1. Brandi Stupica, Laura J. Sherman, Jude Cassidy. Newborn Irritability Moderates the Association Between Infant Attachment Security and Toddler Exploration and Sociability. Child Development, 29 August 2011 DOI: 10.1111/j.1467-8624.2011.01638.x

Cite This Page:

Society for Research in Child Development. "Secure attachment to moms helps irritable babies interact with others." ScienceDaily. ScienceDaily, 30 August 2011. <www.sciencedaily.com/releases/2011/08/110830082104.htm>.
Society for Research in Child Development. (2011, August 30). Secure attachment to moms helps irritable babies interact with others. ScienceDaily. Retrieved October 25, 2014 from www.sciencedaily.com/releases/2011/08/110830082104.htm
Society for Research in Child Development. "Secure attachment to moms helps irritable babies interact with others." ScienceDaily. www.sciencedaily.com/releases/2011/08/110830082104.htm (accessed October 25, 2014).

Share This



More Mind & Brain News

Saturday, October 25, 2014

Featured Research

from universities, journals, and other organizations


Featured Videos

from AP, Reuters, AFP, and other news services

Academic Scandal Shocks UNC

Academic Scandal Shocks UNC

AP (Oct. 23, 2014) A scandal involving bogus classes and inflated grades at the University of North Carolina was bigger than previously reported, a new investigation found. (Oct. 23) Video provided by AP
Powered by NewsLook.com
Working Mother Getaway: Beaches Turks & Caicos

Working Mother Getaway: Beaches Turks & Caicos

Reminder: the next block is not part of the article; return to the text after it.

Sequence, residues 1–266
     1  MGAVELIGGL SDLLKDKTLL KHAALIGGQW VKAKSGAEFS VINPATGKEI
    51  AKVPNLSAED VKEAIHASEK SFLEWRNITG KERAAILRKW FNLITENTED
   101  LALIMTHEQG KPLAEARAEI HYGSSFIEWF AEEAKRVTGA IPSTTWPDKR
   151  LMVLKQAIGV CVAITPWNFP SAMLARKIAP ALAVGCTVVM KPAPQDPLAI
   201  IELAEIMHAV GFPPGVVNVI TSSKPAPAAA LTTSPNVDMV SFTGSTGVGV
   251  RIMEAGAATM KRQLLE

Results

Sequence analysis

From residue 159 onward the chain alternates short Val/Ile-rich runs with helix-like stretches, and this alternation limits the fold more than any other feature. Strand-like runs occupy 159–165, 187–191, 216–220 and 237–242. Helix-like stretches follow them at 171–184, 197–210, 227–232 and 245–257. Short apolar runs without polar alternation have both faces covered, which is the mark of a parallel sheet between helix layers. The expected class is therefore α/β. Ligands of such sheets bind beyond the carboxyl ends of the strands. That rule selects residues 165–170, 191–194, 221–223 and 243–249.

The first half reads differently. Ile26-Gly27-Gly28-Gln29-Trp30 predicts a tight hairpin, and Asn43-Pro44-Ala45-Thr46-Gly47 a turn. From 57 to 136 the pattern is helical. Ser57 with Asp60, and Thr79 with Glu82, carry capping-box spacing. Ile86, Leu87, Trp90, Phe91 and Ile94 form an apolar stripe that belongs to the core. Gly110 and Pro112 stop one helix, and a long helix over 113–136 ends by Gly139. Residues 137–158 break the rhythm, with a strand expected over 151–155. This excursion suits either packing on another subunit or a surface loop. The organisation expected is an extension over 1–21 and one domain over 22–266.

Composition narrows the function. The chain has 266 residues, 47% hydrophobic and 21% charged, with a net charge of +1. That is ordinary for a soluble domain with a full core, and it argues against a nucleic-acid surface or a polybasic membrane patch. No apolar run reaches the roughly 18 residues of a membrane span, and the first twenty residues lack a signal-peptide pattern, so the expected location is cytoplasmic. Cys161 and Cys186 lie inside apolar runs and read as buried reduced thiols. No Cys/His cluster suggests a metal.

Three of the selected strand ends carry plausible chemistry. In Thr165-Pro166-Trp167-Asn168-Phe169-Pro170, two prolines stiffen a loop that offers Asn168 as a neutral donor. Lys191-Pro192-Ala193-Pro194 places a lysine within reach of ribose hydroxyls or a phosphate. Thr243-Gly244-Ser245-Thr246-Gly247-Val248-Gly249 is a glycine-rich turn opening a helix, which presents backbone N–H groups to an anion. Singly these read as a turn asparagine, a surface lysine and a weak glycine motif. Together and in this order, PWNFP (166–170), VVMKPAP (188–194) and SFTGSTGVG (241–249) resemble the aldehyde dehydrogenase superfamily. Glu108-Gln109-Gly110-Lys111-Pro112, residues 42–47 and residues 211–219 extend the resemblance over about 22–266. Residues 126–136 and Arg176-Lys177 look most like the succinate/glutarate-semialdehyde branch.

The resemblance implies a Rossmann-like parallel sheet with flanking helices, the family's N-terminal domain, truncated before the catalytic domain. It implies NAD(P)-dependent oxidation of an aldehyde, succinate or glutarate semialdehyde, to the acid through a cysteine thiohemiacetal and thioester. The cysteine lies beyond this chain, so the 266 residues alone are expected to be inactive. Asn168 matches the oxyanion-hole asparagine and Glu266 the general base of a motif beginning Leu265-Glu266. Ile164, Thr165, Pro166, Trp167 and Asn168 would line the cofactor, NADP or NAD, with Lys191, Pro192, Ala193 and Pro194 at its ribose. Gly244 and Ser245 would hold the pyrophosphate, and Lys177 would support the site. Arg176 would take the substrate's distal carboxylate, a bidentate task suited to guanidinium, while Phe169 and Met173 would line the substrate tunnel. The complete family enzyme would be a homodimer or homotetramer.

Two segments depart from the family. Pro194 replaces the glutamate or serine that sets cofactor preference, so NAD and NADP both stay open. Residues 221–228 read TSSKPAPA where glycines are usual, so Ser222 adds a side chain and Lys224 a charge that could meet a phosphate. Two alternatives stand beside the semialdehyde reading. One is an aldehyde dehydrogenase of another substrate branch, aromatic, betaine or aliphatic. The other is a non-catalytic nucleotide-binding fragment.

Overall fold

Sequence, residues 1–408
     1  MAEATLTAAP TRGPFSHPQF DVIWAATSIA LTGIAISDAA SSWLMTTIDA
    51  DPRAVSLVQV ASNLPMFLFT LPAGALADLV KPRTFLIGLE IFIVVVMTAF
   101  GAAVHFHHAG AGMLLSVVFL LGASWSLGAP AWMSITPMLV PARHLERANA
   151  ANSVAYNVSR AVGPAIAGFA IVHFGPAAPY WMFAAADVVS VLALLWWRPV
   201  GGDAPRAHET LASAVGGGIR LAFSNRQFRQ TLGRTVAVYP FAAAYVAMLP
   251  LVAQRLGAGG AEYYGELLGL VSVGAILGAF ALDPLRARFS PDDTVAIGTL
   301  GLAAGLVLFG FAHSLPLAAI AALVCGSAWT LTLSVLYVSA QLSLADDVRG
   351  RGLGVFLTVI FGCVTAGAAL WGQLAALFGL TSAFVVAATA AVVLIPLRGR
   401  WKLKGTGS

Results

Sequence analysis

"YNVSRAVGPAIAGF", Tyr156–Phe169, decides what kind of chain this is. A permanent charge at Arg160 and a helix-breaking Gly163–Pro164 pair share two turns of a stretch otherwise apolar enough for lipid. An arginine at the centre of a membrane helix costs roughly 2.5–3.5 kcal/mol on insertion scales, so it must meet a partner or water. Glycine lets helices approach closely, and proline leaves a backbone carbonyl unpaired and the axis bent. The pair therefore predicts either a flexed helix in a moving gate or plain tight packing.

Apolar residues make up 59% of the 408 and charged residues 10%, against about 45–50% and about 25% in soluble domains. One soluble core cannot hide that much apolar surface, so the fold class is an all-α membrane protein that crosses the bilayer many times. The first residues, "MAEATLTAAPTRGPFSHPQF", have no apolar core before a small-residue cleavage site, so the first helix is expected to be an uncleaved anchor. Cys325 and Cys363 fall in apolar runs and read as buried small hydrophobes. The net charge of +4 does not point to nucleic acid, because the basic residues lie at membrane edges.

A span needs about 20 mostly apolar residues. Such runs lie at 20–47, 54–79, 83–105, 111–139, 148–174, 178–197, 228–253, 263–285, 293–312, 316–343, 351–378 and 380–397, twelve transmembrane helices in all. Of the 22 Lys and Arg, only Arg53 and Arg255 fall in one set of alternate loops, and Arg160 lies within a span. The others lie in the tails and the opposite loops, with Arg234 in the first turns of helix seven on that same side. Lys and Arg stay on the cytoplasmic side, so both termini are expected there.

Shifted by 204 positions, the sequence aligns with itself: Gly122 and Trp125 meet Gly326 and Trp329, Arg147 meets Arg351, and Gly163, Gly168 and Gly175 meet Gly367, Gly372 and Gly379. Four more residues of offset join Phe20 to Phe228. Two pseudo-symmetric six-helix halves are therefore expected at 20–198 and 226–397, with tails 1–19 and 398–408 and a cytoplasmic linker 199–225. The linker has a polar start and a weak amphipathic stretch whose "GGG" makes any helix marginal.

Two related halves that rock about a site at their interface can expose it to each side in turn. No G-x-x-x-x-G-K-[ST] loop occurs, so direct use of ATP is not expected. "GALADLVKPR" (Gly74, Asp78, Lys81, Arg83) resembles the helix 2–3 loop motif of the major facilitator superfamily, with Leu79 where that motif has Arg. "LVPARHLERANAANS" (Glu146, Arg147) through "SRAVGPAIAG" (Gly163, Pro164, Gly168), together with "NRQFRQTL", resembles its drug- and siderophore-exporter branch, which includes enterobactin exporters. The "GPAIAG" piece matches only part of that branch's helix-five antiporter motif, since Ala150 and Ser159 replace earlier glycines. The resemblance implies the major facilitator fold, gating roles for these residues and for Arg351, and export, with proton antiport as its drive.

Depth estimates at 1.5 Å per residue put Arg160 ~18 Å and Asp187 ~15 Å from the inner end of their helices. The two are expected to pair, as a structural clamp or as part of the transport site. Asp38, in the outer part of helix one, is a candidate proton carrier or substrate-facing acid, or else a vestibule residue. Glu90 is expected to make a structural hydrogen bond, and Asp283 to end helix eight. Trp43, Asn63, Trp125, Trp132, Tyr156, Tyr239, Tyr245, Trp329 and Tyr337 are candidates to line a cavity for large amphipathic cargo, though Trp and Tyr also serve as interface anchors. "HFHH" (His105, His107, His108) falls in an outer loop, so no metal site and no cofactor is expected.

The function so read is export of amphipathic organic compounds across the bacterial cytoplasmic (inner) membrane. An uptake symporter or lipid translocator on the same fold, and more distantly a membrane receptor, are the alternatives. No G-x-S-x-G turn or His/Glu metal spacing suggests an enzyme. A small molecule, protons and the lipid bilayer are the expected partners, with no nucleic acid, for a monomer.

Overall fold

Working Mother (Oct. 22, 2014) Feast your eyes on this gorgeous family-friendly resort. Video provided by Working Mother
Powered by NewsLook.com
What Your Favorite Color Says About You

What Your Favorite Color Says About You

Buzz60 (Oct. 22, 2014) We all have one color we love to wear, and believe it or not, your color preference may reveal some of your character traits. In celebration of National Color Day, Krystin Goodwin (@kyrstingoodwin) highlights what your favorite colors may say about you. Video provided by Buzz60
Powered by NewsLook.com
First-Of-Its-Kind Treatment Gives Man Ability To Walk Again

First-Of-Its-Kind Treatment Gives Man Ability To Walk Again

Newsy (Oct. 21, 2014) A medical team has for the first time given a man the ability to walk again after transplanting cells from his brain onto his severed spinal cord. Video provided by Newsy
Powered by NewsLook.com

Search ScienceDaily

Number of stories in archives: 140,361

Find with keyword(s):
Enter a keyword or phrase to search ScienceDaily for related topics and research stories.

Save/Print:
Share:

Breaking News:

Strange & Offbeat Stories


Health & Medicine

Mind & Brain

Living & Well

In Other News

... from NewsDaily.com

Science News

Health News

Environment News

Technology News



Save/Print:
Share:

Free Subscriptions


Get the latest science news with ScienceDaily's free email newsletters, updated daily and weekly. Or view hourly updated newsfeeds in your RSS reader:

Get Social & Mobile


Keep up to date with the latest news from ScienceDaily via social networks and mobile apps:

Have Feedback?


Tell us what you think of ScienceDaily -- we welcome both positive and negative comments. Have any problems using the site? Questions?
Mobile: iPhone Android Web
Follow: Facebook Twitter Google+
Subscribe: RSS Feeds Email Newsletters
Latest Headlines Health & Medicine Mind & Brain Space & Time Matter & Energy Computers & Math Plants & Animals Earth & Climate Fossils & Ruins